Coming back to the term “lawful” as it pertains to the magistrate, the Westminster Confession says that obedience is required only of commands that are “lawful,” which is to say that they accord with the will of God. We must consider that a command from the magistrate that is in conflict with his own laws (thus within his own sphere of authority), exceeds his God-ordained function, or infringes on another sphere’s authority is by definition a command that is not lawful. It is then not to be obeyed, according to the Westminster Confession. In my biased opinion, the 2LBC improves upon this statement, saying at 24.3, “Civil magistrates being set up by God for the ends aforesaid; subjection, in all lawful things commanded by them, ought to be yielded by us in the Lord, not only for wrath, but for conscience’ sake.” This statement is an improvement on the WCF for at least two reasons. First of all, 2LBC uses the terminology of “submission” rather than “obedience”—the knee-jerk reaction of so many. Second, it not only seems to indicate that God has sovereignly and therefore providentially installed each person in the magistracy (whether for good or for tyranny) but also that the focus of God setting up these magistrates is not his will of decree but his will of command (“for the ends aforesaid”). The “ends aforesaid,” the purposes behind God installing the magistrates, is referring back to 24.1: “God, the supreme Lord and King of all the world, has ordained civil magistrates to be under him, over the people, for his own glory and the public good; and to this end has armed them with the power of the sword, for defense and encouragement of them that do good, and for the punishment of evil doers.” The passage cited at this point is Romans 13:1–4. For the confessional Baptist, such an understanding of Romans 13 as detailed here is woven into the very fabric of his theological tradition.

It would seem, therefore, that those who framed WCF and 2LBC understood both sphere sovereignty and the prescriptive role of Romans 13:3–4 for the civil magistrate. And the Baptist confession clearly points out that submission is only rendered in lawful matters. If a magistrate legislates, executes, or adjudicates something not lawful, not according to God’s will as dictated by God for the magistrate (Rom. 13:3–4) nor within its own sphere of authority, then Romans 13:7 and Proverbs 28:1 apply: “Render therefore to all their due: taxes to whom taxes are due, customs to whom customs, fear to whom fear, honor to whom honor”; “As snow in summer and rain in harvest, so honor is not fitting for a fool.” Fear and honor are not befitting a magistrate who is either negligent in his duty or tyrannical in his rule. This would include the magistrate usurping other spheres of authority and asserting his own rule in matters not pertaining to the civil sphere.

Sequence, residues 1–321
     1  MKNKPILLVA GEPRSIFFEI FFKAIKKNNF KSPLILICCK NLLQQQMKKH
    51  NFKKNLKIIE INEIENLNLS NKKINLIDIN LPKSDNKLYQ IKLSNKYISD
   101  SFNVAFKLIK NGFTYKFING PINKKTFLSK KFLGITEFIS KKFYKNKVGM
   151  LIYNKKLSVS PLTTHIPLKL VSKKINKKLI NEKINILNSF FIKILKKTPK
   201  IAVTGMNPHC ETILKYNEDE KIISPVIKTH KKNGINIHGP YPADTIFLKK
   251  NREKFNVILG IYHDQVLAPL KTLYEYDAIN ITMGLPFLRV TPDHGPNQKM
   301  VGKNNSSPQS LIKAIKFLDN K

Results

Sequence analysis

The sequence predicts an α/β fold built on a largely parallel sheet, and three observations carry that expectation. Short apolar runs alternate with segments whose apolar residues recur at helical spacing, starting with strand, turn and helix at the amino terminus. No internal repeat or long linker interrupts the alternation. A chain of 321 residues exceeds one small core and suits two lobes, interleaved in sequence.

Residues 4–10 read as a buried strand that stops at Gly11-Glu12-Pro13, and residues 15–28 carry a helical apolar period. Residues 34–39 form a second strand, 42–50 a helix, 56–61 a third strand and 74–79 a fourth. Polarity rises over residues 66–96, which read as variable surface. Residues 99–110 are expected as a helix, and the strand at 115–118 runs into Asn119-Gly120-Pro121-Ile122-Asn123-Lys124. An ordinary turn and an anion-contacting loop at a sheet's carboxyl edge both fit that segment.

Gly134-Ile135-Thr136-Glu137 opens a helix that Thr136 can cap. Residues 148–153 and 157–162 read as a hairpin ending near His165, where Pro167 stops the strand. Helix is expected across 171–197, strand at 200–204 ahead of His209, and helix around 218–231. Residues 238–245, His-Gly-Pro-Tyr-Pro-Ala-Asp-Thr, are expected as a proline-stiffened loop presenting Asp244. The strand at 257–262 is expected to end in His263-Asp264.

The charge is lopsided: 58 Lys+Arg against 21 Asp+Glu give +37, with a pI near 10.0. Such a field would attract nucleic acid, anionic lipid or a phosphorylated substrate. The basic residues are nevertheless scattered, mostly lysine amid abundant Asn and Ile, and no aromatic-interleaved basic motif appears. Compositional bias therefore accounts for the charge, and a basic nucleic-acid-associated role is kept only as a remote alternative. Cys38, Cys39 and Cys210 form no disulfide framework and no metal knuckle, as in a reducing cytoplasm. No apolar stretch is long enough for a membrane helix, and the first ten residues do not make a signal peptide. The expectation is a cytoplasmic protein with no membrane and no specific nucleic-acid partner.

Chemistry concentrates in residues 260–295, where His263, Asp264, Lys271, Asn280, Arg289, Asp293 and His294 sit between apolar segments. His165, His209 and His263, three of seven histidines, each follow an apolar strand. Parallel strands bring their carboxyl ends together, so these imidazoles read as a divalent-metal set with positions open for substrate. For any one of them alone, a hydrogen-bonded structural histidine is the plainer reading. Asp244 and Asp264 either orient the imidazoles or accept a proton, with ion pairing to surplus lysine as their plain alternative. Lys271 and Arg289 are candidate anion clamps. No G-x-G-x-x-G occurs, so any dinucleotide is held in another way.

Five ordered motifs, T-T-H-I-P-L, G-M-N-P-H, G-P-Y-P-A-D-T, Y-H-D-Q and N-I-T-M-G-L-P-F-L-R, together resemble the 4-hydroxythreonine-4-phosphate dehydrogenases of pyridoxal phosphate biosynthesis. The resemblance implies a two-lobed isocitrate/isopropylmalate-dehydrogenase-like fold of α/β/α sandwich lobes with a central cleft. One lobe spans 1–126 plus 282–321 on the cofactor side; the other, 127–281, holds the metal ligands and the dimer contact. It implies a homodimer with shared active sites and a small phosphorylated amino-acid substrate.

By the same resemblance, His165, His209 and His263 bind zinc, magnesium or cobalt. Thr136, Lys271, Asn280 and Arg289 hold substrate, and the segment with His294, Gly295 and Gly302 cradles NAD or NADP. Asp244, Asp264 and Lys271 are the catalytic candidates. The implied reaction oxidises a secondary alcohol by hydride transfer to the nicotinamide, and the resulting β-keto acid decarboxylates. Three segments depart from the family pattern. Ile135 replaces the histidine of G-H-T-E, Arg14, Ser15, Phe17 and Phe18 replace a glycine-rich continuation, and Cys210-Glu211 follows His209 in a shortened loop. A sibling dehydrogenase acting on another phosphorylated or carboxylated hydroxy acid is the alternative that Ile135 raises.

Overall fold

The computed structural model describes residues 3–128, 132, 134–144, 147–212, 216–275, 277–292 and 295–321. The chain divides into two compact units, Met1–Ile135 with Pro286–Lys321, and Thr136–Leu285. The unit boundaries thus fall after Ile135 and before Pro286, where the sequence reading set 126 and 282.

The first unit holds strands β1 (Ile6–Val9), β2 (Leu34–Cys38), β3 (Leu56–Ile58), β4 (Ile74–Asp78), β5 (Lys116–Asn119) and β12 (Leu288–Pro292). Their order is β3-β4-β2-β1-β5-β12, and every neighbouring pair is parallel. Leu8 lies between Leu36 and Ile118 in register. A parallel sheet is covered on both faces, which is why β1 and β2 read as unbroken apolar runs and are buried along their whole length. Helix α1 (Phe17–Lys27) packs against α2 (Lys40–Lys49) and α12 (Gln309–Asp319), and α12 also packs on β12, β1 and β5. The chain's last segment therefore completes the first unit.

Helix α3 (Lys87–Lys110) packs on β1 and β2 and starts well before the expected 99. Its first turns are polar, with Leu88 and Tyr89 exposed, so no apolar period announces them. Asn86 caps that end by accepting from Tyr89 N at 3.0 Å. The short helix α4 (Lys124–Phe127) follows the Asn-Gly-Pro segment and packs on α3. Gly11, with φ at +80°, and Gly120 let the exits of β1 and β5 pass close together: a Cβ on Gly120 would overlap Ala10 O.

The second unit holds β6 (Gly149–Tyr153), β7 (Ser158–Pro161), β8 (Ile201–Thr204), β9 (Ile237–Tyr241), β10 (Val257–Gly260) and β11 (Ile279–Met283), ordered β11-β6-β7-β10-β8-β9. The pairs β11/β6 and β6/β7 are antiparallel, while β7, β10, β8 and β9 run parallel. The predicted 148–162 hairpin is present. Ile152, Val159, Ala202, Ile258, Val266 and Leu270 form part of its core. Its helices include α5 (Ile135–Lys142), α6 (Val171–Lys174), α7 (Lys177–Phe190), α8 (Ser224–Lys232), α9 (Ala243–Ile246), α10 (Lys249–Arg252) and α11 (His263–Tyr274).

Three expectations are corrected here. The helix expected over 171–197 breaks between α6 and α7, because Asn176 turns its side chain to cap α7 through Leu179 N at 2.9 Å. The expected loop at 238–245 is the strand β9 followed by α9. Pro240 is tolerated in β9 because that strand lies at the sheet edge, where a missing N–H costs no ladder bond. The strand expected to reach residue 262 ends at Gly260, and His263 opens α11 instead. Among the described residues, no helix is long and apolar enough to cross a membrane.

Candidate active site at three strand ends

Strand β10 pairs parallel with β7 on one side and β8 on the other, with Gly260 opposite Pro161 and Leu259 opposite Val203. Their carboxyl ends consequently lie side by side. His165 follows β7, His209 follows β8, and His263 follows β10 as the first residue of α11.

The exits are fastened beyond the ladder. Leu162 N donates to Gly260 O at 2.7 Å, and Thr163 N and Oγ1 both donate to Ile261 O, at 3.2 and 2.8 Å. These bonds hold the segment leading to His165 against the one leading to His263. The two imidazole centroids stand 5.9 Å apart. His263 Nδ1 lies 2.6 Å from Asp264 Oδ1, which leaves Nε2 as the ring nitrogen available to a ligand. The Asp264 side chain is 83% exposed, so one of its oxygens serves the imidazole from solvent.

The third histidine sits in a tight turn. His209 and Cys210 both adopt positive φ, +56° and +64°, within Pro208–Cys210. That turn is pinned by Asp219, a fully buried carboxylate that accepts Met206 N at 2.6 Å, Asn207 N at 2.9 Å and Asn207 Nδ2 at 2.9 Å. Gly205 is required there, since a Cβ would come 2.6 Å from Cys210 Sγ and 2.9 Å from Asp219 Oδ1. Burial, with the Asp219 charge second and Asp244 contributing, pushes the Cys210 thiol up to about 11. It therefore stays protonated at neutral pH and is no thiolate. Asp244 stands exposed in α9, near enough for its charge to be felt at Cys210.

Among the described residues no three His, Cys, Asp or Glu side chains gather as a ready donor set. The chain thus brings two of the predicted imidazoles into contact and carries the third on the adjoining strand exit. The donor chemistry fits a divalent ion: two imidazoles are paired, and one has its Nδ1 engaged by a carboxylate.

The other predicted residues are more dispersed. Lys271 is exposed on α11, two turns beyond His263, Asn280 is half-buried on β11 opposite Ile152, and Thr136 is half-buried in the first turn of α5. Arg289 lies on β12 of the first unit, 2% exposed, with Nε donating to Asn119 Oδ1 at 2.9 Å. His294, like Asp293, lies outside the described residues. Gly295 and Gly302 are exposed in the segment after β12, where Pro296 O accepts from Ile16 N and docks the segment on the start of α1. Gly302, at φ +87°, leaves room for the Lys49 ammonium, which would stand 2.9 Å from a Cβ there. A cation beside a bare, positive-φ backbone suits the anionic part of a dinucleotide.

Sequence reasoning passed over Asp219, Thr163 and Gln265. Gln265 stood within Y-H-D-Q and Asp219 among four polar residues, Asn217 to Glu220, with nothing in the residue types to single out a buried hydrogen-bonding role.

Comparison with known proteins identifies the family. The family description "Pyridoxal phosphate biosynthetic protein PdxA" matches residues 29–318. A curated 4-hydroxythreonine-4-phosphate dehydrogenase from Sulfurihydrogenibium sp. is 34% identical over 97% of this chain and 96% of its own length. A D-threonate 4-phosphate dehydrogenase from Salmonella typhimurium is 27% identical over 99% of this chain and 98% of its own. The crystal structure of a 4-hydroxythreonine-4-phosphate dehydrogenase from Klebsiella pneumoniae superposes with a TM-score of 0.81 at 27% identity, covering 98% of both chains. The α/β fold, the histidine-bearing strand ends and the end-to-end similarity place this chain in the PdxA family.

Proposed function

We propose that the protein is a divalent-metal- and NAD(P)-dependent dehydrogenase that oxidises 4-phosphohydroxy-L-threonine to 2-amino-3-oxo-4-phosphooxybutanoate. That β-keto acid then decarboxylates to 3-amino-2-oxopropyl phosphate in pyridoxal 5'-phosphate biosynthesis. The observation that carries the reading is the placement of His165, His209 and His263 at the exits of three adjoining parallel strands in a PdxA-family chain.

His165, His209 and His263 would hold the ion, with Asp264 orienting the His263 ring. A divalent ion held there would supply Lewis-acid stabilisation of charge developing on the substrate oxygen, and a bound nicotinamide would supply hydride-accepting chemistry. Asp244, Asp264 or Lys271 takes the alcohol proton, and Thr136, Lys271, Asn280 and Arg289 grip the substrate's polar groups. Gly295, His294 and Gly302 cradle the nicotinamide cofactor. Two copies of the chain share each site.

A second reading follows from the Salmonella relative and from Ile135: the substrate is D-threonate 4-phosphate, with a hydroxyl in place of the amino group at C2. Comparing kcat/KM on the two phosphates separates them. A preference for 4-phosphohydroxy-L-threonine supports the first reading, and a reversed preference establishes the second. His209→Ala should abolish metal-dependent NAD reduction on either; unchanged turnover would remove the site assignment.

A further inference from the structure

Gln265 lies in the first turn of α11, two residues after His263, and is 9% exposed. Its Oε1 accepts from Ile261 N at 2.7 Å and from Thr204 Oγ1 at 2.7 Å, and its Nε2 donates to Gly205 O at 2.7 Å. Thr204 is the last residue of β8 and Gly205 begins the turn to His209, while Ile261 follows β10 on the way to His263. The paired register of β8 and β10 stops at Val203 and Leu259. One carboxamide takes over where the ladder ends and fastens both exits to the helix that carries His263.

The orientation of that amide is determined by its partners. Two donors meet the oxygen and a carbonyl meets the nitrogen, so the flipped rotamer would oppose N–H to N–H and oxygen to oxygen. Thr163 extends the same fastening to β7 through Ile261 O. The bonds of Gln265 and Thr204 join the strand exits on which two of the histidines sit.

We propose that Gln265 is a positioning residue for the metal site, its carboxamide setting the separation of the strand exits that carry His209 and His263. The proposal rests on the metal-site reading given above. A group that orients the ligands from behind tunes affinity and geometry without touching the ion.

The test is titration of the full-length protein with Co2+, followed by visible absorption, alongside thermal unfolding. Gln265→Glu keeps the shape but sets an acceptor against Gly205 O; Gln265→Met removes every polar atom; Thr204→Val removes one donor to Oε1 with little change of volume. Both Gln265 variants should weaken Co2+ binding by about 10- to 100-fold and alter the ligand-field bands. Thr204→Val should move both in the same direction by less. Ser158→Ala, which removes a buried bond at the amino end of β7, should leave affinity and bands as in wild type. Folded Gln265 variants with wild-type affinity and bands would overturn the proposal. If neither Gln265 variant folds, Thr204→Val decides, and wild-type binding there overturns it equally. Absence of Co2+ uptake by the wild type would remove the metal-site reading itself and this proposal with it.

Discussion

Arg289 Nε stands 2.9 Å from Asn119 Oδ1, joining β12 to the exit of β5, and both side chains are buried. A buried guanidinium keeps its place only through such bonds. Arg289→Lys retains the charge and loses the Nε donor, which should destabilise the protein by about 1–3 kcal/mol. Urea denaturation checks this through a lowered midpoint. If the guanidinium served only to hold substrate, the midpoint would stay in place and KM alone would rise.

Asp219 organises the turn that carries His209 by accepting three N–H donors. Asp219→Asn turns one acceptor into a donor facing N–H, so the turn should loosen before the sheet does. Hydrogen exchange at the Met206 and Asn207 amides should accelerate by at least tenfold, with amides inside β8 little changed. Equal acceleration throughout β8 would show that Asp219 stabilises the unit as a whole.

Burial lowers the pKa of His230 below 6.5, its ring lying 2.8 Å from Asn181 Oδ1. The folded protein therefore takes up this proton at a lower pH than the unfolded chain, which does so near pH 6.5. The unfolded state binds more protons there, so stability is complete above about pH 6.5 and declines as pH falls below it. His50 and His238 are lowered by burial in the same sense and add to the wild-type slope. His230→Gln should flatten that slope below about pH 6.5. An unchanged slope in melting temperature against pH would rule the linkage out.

Such was the case against Judah’s King Uzziah when he usurped his spherical authority and sought to act as a priest and burn incense on the altar (2 Chron. 26:16). The priests interposed, resisted, and even physically withstood this brazen king. Their response to the unlawfulness of Uzziah’s acts and their resistance to him were not only proper but in keeping with Romans 13. The KJV does an excellent job of representing the issue of sphere sovereignty in the reply of the priests: “And they withstood Uzziah the king, and said unto him, It appertaineth not unto thee, Uzziah, to burn incense unto the Lord, but to the priests the sons of Aaron, that are consecrated to burn incense” (2 Chron. 26:18 KJV, italics added). The right of resistance applies to sinful laws that either prevent obedience or enforce wickedness. Here, in 2 Chronicles 26, when the magistrate acts in a way that “appertaineth not” unto his proper sphere or God-ordained function, resistance is proper and upholds Romans 13.

We began this chapter using the slot-car track illustration. Perhaps it is best that we conclude with it. Sphere sovereignty teaches there are primarily three lanes that work together for the good of human flourishing. They each work properly and at their best in relation to the other two when they remain in their own lane and only seek to control the speed of their own race car. That is not to say that one lane or car might not influence another racer to speed up or slow down. However, it would be considered cheating if a number of rule violations occurred: (1) if one car or controller or lane were removed from the track, (2) if one lane were governed by another racer already in charge of his or her own lane, (3) if there were any kind of interference from one racer to another that prohibited a car’s ability to move about its own lane freely and unimpeded.